Patients in a new study were able to comprehend words that were written but not said aloud. They could write the names of things they saw but not verbalize them. For instance, if a patient in the study saw the word 'hippopotamus' written on a piece of paper, they could identify a hippopotamus in flashcards. But when that patient heard someone say 'hippopotamus,' they could not point to the picture of the animal.

21.03.2019Study in mice examines impact of reused cooking oil on breast cancer progression

Compounds in thermally abused cooking oils may trigger genetic, biochemical changes that hasten the progression of late-stage breast cancer, promoting tumor cells' growth and proliferation.

21.03.2019Gift card incentives connected to healthier outcomes in employee wellness programs

Previous research shows that when choosing between different incentive options, employees prefer cash rewards. But cash might not be the most effective incentive. Its replacement? Gift cards.

21.03.2019Common cause in sudden death syndromes

Sudden Infant Death Syndrome (SIDS) and Sudden Unexpected Death in Epilepsy (SUDEP) are syndromes that share many medical similarities but whose physiological causes are poorly understood. An opinion article publishing March 21 in the journal Trends in Neurosciences suggests that the inability for an individual to wake up when their CO2 blood levels rise, likely due to a faulty neural reflex, may be a shared cause for incidences of death in both disorders.

21.03.2019Sleep and ageing: Two sides of one coin?

Researchers have discovered a brain process common to sleep and ageing in research that could pave the way for new treatments for insomnia.

21.03.2019New evidence links lifespan extension to metabolic regulation of immune system

Researchers have uncovered a new mechanism of lifespan extension that links caloric restriction with immune system regulation.

21.03.2019High-fructose corn syrup boosts intestinal tumor growth in mice

Consuming a daily modest amount of high-fructose corn syrup -- the equivalent of people drinking about 12 ounces of a sugar-sweetened beverage daily -- accelerates the growth of intestinal tumors in mouse models of the disease, independently of obesity, according to new research.

21.03.2019Study shows alarming increases of firearm deaths in US school-age children

From 1999 to 2017, 38,942 US children ages 5 to 18 years old were killed by firearms, averaging more than 2,000 deaths a year. In 2017 alone, 2,462 school-age children were killed by firearms compared to 144 police officers and 1,000 active military worldwide who died in the line of duty. The study finds significant increases that began with an epidemic in 2009, followed by another one in 2014. Each of these epidemics has continued through 2017.

21.03.2019Antibodies stabilize plaque in arteries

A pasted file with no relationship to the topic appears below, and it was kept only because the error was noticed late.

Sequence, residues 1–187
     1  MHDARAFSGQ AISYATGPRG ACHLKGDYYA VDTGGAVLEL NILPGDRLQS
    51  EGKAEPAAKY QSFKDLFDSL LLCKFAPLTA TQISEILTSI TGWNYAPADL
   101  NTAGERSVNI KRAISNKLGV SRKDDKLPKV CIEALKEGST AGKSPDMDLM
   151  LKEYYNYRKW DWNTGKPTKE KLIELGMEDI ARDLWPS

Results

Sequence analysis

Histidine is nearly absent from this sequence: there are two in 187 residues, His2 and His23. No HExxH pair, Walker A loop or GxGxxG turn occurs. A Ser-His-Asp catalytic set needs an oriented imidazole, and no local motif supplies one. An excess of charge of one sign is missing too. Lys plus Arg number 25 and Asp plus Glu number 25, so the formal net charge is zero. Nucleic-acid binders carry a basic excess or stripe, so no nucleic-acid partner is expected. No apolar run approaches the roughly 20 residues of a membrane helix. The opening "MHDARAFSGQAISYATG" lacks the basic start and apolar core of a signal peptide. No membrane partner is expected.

Researchers have found that type IgG antibodies play an unexpected role in atherosclerosis. A study on mice shows that the antibodies stabilize the plaque that accumulates on the artery walls, which reduces the risk of it rupturing and causing a blood clot. It is hoped that the results will eventually lead to improved therapies.

21.03.2019The evolution of brain tumors

Scientists have found in a recent study that only three different genetic alterations drive the early development of malignant glioblastomas. At least one of these three cancer drivers was present in all tumors investigated. The tumors develop for up to seven years before they become noticeable as symptoms and are diagnosed. However, in contrast to their early development, glioblastomas, which return after therapy, share no concurrent genetic alterations.

21.03.2019Fertility restored in non-human primate model of childhood cancer survivorship

In a first, researchers have reported in a non-human primate model that immature testicular tissue can be cryopreserved, and later be used to restore fertility to the same animal.

21.03.2019No evidence that calcium increases risk of AMD

Eating a calcium-rich diet or taking calcium supplements does not appear to increase the risk of age-related macular degeneration (AMD), according to the findings of a study by scientists at the National Eye Institute (NEI). AMD is a leading cause of vision loss and blindness among people age 65 and older in the United States. The study findings are published in JAMA Ophthalmology.

21.03.2019How team sports change a child's brain

Adult depression has long been associated with shrinkage of the hippocampus, a brain region that plays an important role in memory and response to stress. Now, new research has linked participation in team sports to larger hippocampal volumes in children and less depression in boys ages 9 to 11.

21.03.2019Hidden differences between pathology of CTE and Alzheimer's disease

A new study challenges the belief that Alzheimer's disease and Chronic Traumatic Encephalopathy have identical pathology.

21.03.2019Discovery may lead to precision-based strategy for triple negative breast cancer

A researcher in the Vera Bradley Foundation Center for Breast Cancer Research at the Indiana University School of Medicine, working in collaboration with researchers from the University of Maryland, recently reported several important findings related to triple negative breast cancer and its future treatment in the journal Nature Nanotechnology.